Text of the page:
According to UNESCO’s world heritage treaty (1972), this inclusion reflects the extraordinary worldly importance of this site, which makes it worthy for protection for future generations.
UNESCO’s main focus is on the northern palace, which was built by Herod the Great, and is an exceptional example for a splendid villa of roman times as well as the roman siege system that surround the site and is the most comprehensive example to survive of such a siege system.
Since 2001 – Masada has been a world heritage site on the world heritage center list.
One of UNESCO’s reasons for choosing Masada is that Masada is a symbol for the violent destruction of the Judea Kingdom and the exile that followed it at the beginning of the 1st century. It is also mentioned that the tragical events during the final days of the Jewish erfugees who held this castle-fortress, make Masada symbols of both cultural-Jewish identity and the continuous human struggle between oppression and freedom.
Herod the Great’s Masada
Masada resides on an isolated cliff ion the Judea Desert, more than 400 meters above the adjacent Dead Sea. The combination of cliffs and escarpments in the middle of a desert, provided the place a perfect natural defense system.
Despite the natural elements, Herod the Great surrounded Masada by a strong double wall. This was not an easy operation along 600 meters length and 300 meters width of Masada’s peak.
Herod the Great did more than that – Masada was not just a fortress, but also a royal citadel with big palaces, a state-of-the-art public bath house, and some smaller palaces which probably hosted Herod’s family members.
Northern Palace of Masada
The northern palace is the most impressive structure at Masada, and the way it was constructed is still astonishing: the palace is attached to the northern cliff edge, and it seems to be hanging on a brink. The cliff is made of three rock levels, and in order to make those levels bigger – builders constructed huge supporting walls.
The top level had four bedrooms and a veranda overlooking the spectacular view of the Dead Sea, Ein Gedi Oasis and the Moab hills. A sophisticated hidden stairway led to the second level where a big hall was built, surrounded by another veranda with polls that seem to hang from the edge of the cliff. The stairway then continued to the lowest level, where a huge hall was built, surrounded by exedras. The walls of this hall were decorated with beautiful wall paintings, and next to the hall a private wash house was built – for the use of the northern palace residents.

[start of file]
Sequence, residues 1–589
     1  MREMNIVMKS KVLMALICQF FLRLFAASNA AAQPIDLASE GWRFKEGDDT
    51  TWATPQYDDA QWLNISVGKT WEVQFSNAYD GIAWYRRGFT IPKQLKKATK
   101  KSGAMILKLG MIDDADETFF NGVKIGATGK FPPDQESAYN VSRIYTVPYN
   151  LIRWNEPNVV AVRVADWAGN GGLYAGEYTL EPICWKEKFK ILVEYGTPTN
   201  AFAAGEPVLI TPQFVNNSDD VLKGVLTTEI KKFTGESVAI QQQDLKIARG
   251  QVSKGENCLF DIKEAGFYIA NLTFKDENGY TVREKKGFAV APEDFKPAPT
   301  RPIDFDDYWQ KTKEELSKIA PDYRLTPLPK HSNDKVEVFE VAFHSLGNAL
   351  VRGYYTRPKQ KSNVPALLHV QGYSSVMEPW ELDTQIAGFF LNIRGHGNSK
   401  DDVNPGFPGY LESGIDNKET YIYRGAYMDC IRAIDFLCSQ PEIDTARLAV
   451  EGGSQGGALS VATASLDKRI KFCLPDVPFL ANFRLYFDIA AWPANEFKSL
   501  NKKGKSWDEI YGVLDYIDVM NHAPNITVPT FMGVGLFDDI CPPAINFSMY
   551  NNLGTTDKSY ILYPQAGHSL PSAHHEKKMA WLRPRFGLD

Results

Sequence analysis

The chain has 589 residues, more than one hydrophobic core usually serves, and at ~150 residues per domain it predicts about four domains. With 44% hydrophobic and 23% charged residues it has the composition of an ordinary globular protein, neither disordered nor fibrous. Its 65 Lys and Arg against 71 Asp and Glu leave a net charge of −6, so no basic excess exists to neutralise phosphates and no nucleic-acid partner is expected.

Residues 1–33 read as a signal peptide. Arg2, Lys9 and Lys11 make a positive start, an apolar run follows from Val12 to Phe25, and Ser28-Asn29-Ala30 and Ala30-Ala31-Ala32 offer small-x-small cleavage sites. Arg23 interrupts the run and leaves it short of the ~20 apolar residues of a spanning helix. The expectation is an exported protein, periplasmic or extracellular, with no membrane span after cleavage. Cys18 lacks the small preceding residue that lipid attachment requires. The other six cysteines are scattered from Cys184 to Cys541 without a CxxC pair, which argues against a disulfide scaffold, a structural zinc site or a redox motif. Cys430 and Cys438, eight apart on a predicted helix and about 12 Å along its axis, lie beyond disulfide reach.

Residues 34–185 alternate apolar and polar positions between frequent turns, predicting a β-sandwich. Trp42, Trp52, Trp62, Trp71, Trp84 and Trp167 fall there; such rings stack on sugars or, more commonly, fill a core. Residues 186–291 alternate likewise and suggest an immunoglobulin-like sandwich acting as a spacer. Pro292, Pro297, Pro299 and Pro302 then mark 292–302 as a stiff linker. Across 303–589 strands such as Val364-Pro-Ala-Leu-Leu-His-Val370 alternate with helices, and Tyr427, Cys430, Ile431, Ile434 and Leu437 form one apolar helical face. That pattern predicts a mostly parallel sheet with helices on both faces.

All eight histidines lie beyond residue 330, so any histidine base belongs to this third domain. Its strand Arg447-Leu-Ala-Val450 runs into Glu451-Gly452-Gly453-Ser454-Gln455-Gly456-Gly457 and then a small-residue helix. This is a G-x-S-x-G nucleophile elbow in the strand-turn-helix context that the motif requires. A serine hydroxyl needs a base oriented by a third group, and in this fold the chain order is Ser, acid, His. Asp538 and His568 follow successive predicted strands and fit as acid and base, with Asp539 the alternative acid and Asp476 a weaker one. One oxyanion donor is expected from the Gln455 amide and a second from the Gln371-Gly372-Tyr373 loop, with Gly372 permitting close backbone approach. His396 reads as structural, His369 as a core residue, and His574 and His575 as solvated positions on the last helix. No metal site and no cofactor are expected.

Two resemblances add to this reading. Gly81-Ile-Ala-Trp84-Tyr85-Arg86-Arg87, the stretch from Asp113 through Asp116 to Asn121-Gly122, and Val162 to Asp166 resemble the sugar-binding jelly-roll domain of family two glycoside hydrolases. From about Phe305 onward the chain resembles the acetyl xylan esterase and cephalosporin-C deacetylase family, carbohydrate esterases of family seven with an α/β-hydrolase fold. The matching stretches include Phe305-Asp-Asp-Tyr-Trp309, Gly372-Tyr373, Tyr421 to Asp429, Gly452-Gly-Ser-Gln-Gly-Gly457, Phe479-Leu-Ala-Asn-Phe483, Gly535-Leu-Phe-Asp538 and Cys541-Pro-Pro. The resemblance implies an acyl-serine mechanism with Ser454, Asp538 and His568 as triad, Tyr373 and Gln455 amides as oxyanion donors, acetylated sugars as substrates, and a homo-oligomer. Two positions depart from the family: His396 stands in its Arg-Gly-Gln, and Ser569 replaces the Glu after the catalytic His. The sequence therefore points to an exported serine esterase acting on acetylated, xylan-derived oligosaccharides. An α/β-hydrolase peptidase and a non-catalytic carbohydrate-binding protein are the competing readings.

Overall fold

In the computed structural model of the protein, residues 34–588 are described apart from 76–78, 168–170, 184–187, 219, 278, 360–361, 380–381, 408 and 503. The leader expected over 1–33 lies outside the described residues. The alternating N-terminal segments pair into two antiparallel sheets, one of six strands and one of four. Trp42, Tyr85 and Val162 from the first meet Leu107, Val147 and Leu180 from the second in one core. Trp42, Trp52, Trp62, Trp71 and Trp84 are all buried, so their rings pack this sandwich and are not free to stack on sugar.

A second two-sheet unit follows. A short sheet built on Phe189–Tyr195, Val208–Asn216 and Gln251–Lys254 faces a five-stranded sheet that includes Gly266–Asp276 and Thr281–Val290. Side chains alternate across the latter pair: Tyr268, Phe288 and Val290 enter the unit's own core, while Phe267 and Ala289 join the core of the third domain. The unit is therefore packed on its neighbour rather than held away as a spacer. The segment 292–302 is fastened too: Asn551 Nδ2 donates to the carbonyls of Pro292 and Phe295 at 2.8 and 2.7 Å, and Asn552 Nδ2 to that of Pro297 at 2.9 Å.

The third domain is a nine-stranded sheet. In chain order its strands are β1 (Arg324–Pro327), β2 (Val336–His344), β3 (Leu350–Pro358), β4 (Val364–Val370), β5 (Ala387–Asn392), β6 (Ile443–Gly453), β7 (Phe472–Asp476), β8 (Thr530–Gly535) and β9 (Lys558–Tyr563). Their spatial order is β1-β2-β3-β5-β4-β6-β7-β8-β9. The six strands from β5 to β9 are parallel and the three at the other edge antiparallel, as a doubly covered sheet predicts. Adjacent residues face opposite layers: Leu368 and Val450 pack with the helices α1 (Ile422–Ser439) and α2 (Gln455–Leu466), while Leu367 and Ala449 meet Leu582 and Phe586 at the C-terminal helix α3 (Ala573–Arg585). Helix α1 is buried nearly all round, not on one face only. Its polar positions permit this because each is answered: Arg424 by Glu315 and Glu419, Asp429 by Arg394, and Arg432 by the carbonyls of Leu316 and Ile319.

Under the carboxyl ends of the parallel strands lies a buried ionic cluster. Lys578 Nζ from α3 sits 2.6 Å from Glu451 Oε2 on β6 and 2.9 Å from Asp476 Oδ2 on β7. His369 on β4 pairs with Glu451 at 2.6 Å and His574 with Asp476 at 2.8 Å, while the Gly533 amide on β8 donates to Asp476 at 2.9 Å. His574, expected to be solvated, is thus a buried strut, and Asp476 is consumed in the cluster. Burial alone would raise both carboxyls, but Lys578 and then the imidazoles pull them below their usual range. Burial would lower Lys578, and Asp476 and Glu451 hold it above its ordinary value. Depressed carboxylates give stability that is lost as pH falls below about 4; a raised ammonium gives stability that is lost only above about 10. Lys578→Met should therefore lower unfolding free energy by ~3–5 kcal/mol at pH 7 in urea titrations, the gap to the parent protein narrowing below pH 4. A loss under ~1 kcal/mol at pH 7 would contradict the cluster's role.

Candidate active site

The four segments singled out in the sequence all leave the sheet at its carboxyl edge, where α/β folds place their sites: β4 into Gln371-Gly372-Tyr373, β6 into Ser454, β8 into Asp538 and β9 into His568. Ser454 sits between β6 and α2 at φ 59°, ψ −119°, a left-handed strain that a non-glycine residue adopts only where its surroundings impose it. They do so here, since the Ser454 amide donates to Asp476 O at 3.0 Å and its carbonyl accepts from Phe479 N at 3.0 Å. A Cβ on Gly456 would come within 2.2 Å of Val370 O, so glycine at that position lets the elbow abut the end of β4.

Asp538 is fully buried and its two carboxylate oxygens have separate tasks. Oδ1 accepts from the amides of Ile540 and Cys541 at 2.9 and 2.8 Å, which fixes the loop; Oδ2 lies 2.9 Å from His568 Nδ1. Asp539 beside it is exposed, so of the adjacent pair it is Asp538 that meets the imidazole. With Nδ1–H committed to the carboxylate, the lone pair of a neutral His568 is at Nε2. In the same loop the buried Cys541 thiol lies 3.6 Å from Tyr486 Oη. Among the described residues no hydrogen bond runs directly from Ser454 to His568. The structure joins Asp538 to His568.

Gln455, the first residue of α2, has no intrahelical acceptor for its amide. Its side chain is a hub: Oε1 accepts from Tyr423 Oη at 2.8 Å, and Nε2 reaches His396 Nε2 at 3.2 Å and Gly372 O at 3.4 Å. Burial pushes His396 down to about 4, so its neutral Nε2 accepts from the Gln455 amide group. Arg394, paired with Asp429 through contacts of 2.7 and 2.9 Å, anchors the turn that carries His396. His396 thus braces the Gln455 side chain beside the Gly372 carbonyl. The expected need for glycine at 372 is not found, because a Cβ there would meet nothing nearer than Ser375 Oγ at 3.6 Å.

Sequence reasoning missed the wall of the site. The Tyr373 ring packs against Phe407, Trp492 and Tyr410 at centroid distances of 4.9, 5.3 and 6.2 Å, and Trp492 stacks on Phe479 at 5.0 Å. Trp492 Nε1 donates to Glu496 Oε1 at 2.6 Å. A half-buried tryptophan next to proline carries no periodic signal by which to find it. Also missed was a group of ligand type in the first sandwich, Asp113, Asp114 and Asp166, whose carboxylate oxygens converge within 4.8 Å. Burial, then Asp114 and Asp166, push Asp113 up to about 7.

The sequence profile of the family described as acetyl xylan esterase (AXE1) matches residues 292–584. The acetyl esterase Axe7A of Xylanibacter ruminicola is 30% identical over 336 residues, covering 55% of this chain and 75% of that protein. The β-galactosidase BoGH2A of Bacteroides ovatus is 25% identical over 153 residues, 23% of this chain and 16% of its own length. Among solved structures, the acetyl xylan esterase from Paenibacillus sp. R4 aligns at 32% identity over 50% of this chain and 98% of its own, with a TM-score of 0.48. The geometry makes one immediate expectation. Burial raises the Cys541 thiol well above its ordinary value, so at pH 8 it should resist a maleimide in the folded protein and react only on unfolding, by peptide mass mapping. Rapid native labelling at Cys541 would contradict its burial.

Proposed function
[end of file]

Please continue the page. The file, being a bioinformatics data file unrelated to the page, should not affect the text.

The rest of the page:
At the peak of the mountain Herod built a public wash house for the rest of Masada residents. It seems like Herod challenged the forces of nature by building this fabulous wash house in one of the most arid places in the universe.
29 storerooms were built at the top of the mountain, each lengthening 27 meters. Archaeological excavations revealed hundreds of pottery pieces with huge amounts of food. Thus, by a rare combination of natural conditions and man labor, Masada became a nearly unconquerable location.
Herod carved 12 gigantic water holes in the western edge of the cliff of Masada, where flood water were gathered. The size of all water holes combined is 40,000 square meters. This was a huge amount of water that provided all Masada residents with enough water to drink,bathe and swim, and even grow vegetables.
The water holes are spread into two lines – the top line is located 80 meters below the Masada peak, and the second line is located 130 meters below. Beasts of burden carried the water to the cliff top via special routes.
Masada of the Zealots
Despite the might and splendor that Herod’s buildings reflect, it seems that the most exciting findings are the small pieces of remnant left by the zealots, which enable us to understand the end of the big rebellion.